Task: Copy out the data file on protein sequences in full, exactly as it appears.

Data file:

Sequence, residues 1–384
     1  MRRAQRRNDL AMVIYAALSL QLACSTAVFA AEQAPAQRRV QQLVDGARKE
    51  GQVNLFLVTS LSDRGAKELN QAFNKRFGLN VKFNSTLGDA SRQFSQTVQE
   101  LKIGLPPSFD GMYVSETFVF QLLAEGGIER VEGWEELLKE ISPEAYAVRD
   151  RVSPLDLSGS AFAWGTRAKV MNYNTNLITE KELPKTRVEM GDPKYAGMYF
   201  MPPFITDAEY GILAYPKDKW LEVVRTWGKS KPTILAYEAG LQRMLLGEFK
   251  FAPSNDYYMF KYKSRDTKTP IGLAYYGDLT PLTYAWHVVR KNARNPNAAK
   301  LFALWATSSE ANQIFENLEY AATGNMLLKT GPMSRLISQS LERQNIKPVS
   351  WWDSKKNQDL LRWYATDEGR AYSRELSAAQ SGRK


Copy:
Sequence, residues 1–384
     1  MRRAQRRNDL AMVIYAALSL QLACSTAVFA AEQAPAQRRV QQLVDGARKE
    51  GQVNLFLVTS LSDRGAKELN QAFNKRFGLN VKFNSTLGDA SRQFSQTVQE
   101  LKIGLPPSFD GMYVSETFVF QLLAEGGIER VEGWEELLKE ISPEAYAVRD
   151  RVSPLDLSGS AFAWGTRAKV MNYNTNLITE KELPKTRVEM GDPKYAGMYF
   201  MPPFITDAEY GILAYPKDKW LEVVRTWGKS KPTILAYEAG LQRMLLGEFK
   251  FAPSNDYYMF KYKSRDTKTP IGLAYYGDLT PLTYAWHVVR KNARNPNAAK
   301  LFALWATSSE ANQIFENLEY AATGNMLLKT GPMSRLISQS LERQNIKPVS
   351  WWDSKKNQDL LRWYATDEGR AYSRELSAAQ SGRK